Posted November 8, 2018
Along a 3-mile section of coastline in Southwestern Louisiana, a giant crane is dumping large rocks to cap a first-of-its-kind shoreline protection project.
The $34 million effort, funded through a state and federal task force, benefits the Rockefeller State Wildlife Refuge on the Gulf of Mexico. Donated to the state of Louisiana nearly a century ago by the heirs of John D. Rockefeller, the refuge originally encompassed 86,000 acres. The refuge, which like much of the coast suffers significant land loss, measures roughly 71,000 acres.
"I think Southwest Louisiana is a hidden gem," said Gabe Giffin, a spokesman for the refuge, which is administered by the Department of Wildlife and Fisheries.
Giffin said this pristine marsh southeast of Lake Charles makes for a critical piece of habitat, home to iconic Louisiana species and millions of migratory birds.
"On their way back up in the spring, this is the first little piece of land that they see," Giffin said.
While shoreline protection projects are fairly common along Louisiana’s coast, this one takes a new approach. An aggregate material, encased in the rocks, significantly lowers the weight of the material.
“We have really high compressible soils in this area," said Bevin Barringer, project manager for the Louisiana Coastal Protection and Restoration Authority. "So, reducing the overall weight was important to reduce the settlement.”
Simply rocking the coast is often not a solution, Barringer said, because in Louisiana’s soft soils, “you would have the rocks essentially disappearing over time.”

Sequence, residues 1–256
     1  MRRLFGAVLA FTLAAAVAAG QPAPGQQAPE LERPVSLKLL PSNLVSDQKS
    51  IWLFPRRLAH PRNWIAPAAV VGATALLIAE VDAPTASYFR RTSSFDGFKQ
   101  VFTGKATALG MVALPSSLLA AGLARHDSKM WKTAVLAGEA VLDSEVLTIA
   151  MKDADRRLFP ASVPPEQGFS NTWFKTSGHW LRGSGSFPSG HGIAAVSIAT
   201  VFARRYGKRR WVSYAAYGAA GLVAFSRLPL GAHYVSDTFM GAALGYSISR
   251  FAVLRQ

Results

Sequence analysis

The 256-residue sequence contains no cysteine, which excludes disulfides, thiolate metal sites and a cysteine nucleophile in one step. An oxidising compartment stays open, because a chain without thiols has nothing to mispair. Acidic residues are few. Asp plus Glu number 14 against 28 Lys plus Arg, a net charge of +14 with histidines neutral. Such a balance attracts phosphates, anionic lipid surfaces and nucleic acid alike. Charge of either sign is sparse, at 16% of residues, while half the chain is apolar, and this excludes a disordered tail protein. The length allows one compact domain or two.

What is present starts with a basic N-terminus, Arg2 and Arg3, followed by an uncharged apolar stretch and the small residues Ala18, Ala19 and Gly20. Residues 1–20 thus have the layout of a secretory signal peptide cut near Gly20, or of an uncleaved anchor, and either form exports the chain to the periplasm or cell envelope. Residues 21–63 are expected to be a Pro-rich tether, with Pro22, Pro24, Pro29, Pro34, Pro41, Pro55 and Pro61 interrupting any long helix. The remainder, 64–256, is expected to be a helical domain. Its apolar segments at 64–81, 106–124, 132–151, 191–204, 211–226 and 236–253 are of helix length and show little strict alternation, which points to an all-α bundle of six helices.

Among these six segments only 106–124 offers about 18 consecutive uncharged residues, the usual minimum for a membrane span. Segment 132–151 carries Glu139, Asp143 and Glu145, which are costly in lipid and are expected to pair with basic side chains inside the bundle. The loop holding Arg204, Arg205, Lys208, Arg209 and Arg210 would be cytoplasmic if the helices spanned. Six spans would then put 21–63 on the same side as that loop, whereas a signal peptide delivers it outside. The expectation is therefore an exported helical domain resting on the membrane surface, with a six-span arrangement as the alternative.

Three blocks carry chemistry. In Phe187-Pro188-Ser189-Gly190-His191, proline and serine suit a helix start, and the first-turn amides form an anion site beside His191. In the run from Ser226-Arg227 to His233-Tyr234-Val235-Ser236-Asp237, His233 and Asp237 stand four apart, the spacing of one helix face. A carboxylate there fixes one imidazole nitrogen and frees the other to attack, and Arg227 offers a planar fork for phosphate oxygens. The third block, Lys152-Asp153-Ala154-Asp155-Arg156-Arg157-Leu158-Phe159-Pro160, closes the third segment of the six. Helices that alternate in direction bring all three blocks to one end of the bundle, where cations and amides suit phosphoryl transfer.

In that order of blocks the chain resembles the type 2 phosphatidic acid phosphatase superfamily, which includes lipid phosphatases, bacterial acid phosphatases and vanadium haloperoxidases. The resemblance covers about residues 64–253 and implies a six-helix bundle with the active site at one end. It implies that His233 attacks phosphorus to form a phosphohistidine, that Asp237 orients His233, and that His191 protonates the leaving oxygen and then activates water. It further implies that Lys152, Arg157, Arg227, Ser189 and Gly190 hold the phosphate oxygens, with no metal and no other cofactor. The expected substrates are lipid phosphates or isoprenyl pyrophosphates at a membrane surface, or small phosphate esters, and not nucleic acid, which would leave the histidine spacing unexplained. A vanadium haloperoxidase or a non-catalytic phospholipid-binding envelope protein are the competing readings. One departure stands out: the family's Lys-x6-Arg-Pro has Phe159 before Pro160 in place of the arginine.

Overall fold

Rockefeller suffers some of the worst erosion along coastal Louisiana, ranging from 46 to nearly 250 feet per year. Visitors will find no white, sandy beach along the Gulf here. Waves push a sort of shell hash, which looks a bit like oat meal, onto marsh grass along the shoreline. As the grass dies, wave action devours the bare soil.
From a staging area a few miles away, the aggregate material is loaded into large sacks, or “pillows,” as project managers call them. In 70 feet of water, crews lay a bed of limestone to secure the pillows before covering them in a fabric and topping everything with rock.
“Our long-term objective is for the land to start building behind the breakwater, and eventually, ideally, get up to the breakwater,” Barringer said.
In the last few months, workers have installed the pillows along 2 of the 3 miles in the project area. Shane Acosta, one of the crew members for the contractor, Patriot Construction, said they have already noticed a difference.
“When you have 3-, 4-foot seas, the water behind the breakwater, it’s undisturbed,” Acosta said.
In this part of Louisiana, far removed from the Mississippi River, coastal restoration involves fewer options.
"We have no large, freshwater source bringing down sediment like that," Giffin said. "So, we have to look at alternative options."
That meant competing for several years with other projects statewide before convincing the board that administers the Coastal Wetlands Planning Protection and Restoration Act to fund the project.
Since the aggregate material weighs about half what an equal volume of rock would weigh, planners believe the process could have applications along other parts of Louisiana's rapidly-subsiding coast.
However, at roughly $10 million per mile, no one suggests this comes cheaply or that it could work everywhere along the state's roughly 7,700 linear miles of coastline.
“I think those are the crucial conversations all of us in Louisiana are going to have to have with each other,” Giffin said. “All of these projects cost millions of dollars.”
While the emphasis is often on restoration, refuge managers point out the project will prevent land loss.
“Not only are you stopping the rate of erosion, but you’re now protecting lands that have been there for centuries,” Giffin said.